By Dian Hasan | May 21, 2010
Eyjafjallajokull, Iceland and volcanic ash, are three names and words that have become inseparable from in one sentence. They have been making global headlines since the volcanic eruption earlier in the year.
This glacier in remote Iceland, with the near-impossible-to pronounce-name, has caused serious ramifications across the world, touching and affecting every one on all four corners of our planet, when travel in Europe came to a screeching halt, virtually shutting down the entire European continent. Millions of air travelers were stranded at airports, not only across Europe, but – through the ripple domino effect – felt in the far corners of the world. Impeccably demonstrating how interconnected we have all become.
Here’s an interesting – albeit by no means amusing – look at a photo-blog of the unfortunate passengers who were directly impacted, as reported by The Toronto Star on April 16, 2010.
Passengers stand in a queue at a ticket counter for the rebooking of cancelled flights at the Pablo Ruiz Picasso Airport in Malaga, southern Spain, April 15, 2010. A huge ash cloud from an Icelandic volcano turned the skies of northern Europe into a no-fly zone on Thursday, stranding hundreds of thousands of passengers. The European air safety organisation said the disruption, the biggest seen in the region, could last another two days and a leading volcano expert said the ash could present intermittent problems to air traffic for six months if the eruption continued. REUTERS/Jon Nazca
Stranded passengers soak up the sun in a solarium adjacent to the departures area of the Son Sant Joan Airport in Palma de Mallorca on the island of Mallorca, Spain, April 16, 2010. A huge ash cloud from an Icelandic volcano spread out across Europe on Friday causing air travel chaos on a scale not seen since the September 11 attacks. About 17,000 flights were expected to be cancelled on Friday due to the dangers posed for a second day by volcanic ash from Iceland, aviation officials said. Airports in Britain, France, Germany, and across Europe were closed until at least Saturday. REUTERS/Enrique Calvo (SPAIN - Tags: TRANSPORT TRAVEL BUSINESS ENVIRONMENT)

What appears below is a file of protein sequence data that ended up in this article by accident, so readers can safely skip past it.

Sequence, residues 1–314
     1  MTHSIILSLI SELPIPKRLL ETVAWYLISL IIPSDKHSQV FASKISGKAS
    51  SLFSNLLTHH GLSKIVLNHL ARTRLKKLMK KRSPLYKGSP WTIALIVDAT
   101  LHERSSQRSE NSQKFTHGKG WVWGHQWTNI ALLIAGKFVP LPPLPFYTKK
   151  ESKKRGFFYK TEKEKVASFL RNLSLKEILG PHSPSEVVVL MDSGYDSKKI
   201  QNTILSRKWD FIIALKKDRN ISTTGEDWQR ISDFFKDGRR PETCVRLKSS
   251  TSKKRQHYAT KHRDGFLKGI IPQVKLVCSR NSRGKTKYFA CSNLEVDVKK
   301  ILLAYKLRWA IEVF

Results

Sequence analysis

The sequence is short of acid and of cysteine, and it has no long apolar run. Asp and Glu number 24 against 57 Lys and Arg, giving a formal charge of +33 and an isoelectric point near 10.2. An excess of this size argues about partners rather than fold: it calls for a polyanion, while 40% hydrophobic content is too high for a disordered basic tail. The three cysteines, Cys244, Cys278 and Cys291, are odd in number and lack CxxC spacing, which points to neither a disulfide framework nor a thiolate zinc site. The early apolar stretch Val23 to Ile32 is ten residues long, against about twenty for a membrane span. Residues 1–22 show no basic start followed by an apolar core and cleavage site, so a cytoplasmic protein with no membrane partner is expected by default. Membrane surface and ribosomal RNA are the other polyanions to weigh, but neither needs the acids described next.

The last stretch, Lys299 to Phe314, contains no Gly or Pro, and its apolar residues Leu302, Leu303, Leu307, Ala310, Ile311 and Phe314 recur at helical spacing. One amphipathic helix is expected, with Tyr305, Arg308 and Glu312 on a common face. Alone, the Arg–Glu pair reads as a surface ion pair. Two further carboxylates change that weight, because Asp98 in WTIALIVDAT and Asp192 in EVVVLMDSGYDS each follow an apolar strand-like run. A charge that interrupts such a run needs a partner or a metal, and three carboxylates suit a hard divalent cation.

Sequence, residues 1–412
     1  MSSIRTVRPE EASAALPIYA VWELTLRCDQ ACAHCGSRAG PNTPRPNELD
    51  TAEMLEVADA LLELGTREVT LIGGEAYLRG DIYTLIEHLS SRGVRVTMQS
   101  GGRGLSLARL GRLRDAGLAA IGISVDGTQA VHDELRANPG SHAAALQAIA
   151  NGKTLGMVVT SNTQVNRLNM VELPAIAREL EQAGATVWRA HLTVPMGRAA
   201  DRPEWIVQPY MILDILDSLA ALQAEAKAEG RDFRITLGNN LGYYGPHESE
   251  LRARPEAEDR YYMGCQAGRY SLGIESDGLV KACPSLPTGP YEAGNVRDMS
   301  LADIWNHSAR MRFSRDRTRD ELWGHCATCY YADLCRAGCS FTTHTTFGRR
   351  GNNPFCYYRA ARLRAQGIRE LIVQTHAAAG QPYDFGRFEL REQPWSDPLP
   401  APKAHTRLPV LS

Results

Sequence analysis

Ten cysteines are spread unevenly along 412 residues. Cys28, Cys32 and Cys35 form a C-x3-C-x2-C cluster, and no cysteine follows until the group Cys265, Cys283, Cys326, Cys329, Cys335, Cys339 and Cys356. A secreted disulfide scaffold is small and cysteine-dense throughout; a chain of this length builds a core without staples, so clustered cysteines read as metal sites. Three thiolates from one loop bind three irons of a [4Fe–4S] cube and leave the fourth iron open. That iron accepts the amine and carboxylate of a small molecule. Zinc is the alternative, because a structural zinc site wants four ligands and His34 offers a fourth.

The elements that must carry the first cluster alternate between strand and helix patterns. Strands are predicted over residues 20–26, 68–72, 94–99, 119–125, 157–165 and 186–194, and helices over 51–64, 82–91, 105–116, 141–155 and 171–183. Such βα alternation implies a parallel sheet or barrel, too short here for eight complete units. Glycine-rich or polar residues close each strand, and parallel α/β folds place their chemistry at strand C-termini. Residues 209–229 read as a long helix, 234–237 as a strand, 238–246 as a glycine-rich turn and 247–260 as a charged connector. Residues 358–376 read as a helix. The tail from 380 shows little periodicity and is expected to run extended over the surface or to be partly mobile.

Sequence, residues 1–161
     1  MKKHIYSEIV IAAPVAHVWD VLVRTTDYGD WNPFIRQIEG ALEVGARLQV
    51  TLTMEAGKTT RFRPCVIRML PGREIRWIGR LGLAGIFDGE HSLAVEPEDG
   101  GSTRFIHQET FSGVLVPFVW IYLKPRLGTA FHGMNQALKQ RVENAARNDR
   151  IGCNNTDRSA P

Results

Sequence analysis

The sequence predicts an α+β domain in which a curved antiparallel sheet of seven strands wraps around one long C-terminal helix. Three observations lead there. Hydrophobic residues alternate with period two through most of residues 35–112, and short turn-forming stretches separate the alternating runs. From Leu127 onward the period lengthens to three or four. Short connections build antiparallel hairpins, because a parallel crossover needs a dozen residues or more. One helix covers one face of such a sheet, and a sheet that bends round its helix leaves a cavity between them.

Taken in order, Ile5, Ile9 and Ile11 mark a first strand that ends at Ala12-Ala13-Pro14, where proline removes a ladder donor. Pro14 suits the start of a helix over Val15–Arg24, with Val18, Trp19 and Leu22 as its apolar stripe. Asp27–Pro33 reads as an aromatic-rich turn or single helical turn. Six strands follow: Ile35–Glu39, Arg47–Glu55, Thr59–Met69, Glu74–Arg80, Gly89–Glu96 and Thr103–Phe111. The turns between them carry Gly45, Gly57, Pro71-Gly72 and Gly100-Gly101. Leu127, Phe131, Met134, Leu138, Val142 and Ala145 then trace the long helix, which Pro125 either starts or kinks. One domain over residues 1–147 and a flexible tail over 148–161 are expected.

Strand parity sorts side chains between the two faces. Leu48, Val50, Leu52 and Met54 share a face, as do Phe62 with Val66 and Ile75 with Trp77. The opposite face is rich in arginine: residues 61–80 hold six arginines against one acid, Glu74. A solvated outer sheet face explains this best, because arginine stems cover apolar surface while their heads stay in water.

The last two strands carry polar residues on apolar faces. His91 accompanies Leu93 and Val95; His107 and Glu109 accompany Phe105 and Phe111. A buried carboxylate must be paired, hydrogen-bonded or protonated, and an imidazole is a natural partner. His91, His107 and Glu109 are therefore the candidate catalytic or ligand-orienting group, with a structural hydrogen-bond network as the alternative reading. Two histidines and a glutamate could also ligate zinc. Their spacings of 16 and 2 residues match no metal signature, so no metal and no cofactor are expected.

A flight information board indicates cancelled flights in a terminal at the Charles-de-Gaulle airport in Roissy, outside Paris, April 16, 2010 after their flights were cancelled due to the ash cloud caused by an Icelandic volcano that turned northern Europe into a no-fly zone. REUTERS/Benoit Tessier (FRANCE - Tags: TRANSPORT DISASTER)
A child using a laptop sits on a camp bed, provided by airport operator Fraport, at Frankfurt airport April 16, 2010. Due to a huge ash cloud from an Icelandic volcano, that caused air travel chaos across Europe, passengers in Frankfurt were left stranded and forced to stay overnight. REUTERS/Ralph Orlowski